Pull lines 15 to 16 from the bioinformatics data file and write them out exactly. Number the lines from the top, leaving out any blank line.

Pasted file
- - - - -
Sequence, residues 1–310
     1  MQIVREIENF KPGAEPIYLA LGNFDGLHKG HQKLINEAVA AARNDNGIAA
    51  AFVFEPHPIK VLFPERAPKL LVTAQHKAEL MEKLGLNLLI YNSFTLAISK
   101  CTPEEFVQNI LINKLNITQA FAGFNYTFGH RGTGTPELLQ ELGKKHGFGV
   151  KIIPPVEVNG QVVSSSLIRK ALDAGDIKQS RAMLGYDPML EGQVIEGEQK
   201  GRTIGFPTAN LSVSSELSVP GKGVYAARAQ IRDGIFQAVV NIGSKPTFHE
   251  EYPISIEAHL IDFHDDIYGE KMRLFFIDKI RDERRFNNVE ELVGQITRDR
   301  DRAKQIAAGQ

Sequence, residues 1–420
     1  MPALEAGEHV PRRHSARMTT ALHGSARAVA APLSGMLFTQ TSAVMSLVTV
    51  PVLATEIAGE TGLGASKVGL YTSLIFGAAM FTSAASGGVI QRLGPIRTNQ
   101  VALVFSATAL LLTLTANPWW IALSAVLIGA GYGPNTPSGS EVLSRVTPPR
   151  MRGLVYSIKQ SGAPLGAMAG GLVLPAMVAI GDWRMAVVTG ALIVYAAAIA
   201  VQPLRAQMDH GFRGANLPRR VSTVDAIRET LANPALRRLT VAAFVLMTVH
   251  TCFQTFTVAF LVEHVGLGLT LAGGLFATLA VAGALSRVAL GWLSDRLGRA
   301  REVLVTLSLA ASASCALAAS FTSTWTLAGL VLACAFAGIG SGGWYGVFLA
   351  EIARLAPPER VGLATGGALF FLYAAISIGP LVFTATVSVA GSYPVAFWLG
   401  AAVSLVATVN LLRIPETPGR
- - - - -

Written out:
   251  TCFQTFTVAF LVEHVGLGLT LAGGLFATLA VAGALSRVAL GWLSDRLGRA
   301  REVLVTLSLA ASASCALAAS FTSTWTLAGL VLACAFAGIG SGGWYGVFLA